Saturday, February 20, 2016


There's a few places in the United States where you can't pump your own gas. You are allowed complete and total control over a ton or more of metal and plastic, which you may direct at three-digit speeds in any direction you choose. Although such an opportunity may be limited by your swift encounter with law enforcement, you possess it, along with the ability to do the consequent amount of damage to yourself and other items or persons.

But you must not open your own gas tank, insert the hose and squeeze the lever, dispensing gasoline into that vehicle. Apparently some drivers are simply not smart enough to do this properly without the aid of the gas station attendant. Oregon has had such a law, although starting this year it holds that its nighttime rural travelers can marshal the mental capacity necessary for this task. Its urban population remains ignorant. And come to think of the kinds of laws the city of Portland passes, there may be something to that.

The good folk at Mental Floss take a look at New Jersey's regulations on this issue, and where they stem from, since the Garden State also prohibits self-serve gas stations. There's some irony in there: New Jersey favorite son Bruce Springsteen may be sprung from his cage on highway 9, but not until he lets the attendant fill his tank.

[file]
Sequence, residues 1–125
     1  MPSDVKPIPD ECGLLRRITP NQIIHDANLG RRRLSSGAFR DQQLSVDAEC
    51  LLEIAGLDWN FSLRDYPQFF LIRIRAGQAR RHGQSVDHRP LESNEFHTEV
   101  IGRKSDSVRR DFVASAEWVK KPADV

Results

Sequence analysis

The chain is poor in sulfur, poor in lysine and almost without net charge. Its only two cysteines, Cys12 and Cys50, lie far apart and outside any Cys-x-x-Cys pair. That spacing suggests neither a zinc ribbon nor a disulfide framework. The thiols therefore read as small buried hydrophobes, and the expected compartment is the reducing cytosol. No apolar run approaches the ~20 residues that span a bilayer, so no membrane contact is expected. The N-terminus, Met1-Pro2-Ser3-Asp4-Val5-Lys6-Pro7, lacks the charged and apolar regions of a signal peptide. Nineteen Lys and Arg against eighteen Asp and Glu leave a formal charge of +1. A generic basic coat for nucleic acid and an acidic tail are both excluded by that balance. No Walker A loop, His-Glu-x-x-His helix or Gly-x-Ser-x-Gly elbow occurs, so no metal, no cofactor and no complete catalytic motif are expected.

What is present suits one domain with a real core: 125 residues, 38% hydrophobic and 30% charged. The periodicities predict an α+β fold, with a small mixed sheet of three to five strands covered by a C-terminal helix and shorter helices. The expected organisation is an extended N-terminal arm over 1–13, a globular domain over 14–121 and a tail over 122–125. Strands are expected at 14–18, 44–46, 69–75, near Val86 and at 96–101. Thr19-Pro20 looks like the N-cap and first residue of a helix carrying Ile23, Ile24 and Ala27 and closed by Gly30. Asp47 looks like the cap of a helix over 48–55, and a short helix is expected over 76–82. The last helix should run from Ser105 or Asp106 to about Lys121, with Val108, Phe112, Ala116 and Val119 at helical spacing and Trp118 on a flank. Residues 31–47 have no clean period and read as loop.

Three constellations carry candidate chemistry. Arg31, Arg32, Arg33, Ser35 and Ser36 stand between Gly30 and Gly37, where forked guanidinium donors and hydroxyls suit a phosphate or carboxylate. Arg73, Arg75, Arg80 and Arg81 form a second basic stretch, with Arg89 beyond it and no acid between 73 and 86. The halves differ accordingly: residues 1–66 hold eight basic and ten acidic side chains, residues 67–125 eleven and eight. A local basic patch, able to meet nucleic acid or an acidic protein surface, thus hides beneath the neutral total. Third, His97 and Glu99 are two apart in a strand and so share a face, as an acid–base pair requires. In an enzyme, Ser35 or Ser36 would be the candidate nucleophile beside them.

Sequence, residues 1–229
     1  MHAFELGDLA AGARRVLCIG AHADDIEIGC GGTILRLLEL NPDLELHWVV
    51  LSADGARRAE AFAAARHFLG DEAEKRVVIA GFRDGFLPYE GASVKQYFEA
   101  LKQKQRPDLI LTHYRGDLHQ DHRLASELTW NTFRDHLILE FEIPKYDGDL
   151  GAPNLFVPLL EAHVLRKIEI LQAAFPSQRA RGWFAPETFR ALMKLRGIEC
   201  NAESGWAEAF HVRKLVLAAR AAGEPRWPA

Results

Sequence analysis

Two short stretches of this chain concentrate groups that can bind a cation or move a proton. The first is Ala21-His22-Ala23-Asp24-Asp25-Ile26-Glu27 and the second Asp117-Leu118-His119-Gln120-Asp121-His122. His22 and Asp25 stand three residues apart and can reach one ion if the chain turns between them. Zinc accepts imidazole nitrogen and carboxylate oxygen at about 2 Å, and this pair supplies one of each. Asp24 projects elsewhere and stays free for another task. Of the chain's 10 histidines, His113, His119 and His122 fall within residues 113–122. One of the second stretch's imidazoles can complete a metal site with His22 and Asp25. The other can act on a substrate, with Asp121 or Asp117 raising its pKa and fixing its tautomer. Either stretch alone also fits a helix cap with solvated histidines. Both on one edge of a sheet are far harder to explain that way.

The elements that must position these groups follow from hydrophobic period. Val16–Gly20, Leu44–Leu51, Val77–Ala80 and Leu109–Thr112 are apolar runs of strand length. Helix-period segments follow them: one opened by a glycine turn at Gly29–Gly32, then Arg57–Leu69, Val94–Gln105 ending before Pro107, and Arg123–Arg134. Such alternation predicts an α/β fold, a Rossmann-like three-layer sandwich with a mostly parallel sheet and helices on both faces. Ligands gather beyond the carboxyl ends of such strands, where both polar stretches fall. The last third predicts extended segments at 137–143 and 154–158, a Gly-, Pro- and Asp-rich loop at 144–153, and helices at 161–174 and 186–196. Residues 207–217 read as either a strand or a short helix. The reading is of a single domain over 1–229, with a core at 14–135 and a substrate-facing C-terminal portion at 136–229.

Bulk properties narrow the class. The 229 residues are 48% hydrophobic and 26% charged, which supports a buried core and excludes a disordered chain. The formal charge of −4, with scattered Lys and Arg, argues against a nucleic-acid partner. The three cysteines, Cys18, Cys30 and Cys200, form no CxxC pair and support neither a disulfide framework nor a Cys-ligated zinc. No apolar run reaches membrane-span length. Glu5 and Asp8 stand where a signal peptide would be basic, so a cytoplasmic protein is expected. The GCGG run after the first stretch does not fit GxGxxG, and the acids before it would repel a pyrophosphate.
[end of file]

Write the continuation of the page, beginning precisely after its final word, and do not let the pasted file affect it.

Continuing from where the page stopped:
Anyway, New Jersey's rule dates back to 1949, with safety the stated rationale. As the article notes, the self-serve ban ensures the gas station owner has control over the gas dispensing process and increases public safety. Sounds nice, but some accounts at the time note that the law blocked gas station owners who wanted to offer self-service stations from doing so. And as those who remember the days when stations would offer both can tell you, self-service costs less. Which means that the owners opposed to self-service were able to get the New Jersey legislature to protect them from having to lower prices.

Somebody got serviced, alright.

1 comment:

CGHill said...

Then again, in the early part of this century, when I was a regular visitor to New Jersey, gas in the Mobster State was always cheaper than it had been in Pennsylvania. Best guess: different types of graft allocation.